Magazine article American Nurse Today

Size Matters-Or Does It?

Magazine article American Nurse Today

Size Matters-Or Does It?

Article excerpt

IN SPORTS, we often hear the saying "Size matters." Usually, it means the bigger and stronger athlete triumphs. But sometimes, the smaller and seemingly weaker one may have the advantage and ultimately prevail to win the game or race.

Does "Size matters" mean anything in nursing? In every hospital, nursing is the largest department--often representing more than 50% of staff. But does that mean nursing is the biggest and strongest department? Does nursing have more influence than other departments in creating policies, enforcing professional behavior, or setting guidelines that ensure adequate time at the bedside to care for patients? If you're smiling or just shaking your head right now, it's because you know nursing certainly does not have more influence.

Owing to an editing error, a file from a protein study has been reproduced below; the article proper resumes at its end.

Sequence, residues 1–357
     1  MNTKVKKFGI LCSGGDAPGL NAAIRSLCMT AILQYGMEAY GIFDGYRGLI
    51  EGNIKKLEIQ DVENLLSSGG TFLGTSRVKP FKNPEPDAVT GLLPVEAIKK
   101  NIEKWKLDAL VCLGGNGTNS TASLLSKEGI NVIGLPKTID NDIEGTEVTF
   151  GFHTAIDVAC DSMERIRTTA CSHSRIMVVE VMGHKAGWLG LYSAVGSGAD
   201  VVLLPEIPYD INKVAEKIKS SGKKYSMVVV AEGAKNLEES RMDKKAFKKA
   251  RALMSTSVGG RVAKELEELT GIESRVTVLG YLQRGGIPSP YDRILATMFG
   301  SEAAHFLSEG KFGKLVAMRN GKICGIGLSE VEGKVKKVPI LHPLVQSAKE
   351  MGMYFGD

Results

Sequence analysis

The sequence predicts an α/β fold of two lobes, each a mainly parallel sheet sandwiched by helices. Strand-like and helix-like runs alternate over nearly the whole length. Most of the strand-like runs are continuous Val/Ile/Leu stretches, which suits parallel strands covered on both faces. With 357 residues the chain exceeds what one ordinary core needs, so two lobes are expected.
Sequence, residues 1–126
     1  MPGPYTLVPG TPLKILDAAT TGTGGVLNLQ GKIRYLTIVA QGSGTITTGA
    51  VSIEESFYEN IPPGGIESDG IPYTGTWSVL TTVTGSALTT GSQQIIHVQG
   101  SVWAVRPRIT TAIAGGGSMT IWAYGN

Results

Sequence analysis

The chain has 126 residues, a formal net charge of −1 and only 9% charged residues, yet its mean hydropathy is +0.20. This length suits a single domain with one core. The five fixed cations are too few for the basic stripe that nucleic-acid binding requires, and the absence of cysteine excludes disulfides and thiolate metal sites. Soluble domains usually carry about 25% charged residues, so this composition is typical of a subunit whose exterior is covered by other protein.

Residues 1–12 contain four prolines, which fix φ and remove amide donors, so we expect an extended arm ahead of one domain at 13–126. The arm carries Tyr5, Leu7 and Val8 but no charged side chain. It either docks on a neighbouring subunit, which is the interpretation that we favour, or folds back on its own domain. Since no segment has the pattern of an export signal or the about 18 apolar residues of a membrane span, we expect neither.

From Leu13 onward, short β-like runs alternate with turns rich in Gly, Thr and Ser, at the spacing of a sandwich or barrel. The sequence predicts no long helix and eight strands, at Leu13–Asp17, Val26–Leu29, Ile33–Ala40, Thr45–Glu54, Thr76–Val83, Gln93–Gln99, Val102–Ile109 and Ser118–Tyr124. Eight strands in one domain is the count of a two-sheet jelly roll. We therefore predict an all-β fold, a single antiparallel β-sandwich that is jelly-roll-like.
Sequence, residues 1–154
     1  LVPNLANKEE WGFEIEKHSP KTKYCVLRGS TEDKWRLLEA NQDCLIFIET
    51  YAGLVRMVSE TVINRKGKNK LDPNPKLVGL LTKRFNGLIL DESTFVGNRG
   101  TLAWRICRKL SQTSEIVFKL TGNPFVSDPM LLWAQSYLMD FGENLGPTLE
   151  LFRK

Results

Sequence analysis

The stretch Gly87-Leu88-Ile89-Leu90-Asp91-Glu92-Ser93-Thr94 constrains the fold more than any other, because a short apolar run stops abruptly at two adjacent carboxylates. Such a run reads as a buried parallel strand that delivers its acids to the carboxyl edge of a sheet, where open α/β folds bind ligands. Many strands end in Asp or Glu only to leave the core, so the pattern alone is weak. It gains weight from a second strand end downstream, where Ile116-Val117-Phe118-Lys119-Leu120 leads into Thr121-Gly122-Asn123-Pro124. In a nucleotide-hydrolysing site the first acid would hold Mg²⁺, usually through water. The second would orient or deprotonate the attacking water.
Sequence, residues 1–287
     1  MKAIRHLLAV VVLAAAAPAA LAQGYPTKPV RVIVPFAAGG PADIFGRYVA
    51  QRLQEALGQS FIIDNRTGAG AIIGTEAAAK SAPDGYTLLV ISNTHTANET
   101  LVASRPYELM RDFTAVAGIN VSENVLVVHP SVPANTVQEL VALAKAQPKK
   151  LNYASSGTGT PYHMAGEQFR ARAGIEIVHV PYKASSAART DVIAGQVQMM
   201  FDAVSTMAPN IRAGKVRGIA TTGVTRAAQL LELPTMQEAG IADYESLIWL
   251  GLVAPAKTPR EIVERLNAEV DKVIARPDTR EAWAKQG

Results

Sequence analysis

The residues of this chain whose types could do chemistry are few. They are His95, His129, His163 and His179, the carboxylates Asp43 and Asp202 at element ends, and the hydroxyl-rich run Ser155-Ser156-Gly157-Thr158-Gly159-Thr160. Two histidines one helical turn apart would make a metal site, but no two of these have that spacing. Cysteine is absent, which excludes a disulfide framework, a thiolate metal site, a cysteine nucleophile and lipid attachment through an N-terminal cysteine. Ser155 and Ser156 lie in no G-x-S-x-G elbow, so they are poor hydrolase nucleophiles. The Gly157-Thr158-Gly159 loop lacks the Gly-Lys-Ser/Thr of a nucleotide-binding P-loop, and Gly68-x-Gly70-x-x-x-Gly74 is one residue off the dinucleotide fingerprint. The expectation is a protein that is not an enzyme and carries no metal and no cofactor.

Why not? In the average hospital, the medical staff, despite its much smaller numbers, has the lion's share of power, However, its influence is somewhat mitigated by the power and influence of the C-suite (CEO, COO, CFO), a group even smaller than the medical staff. Physicians' influence stems from their ability to admit patients, perform surgeries, order tests, prescribe drugs, and direct the care provided to patients. The medical staff generates revenue; the C-suite essentially manages expenses.

So where does nursing fit into this power structure? It's a complex question to answer, especially considering that nurses are mistakenly viewed as a non-revenue generating expense. And in terms of educational degrees, nursing differs significantly from the C-suite and medical staff. …

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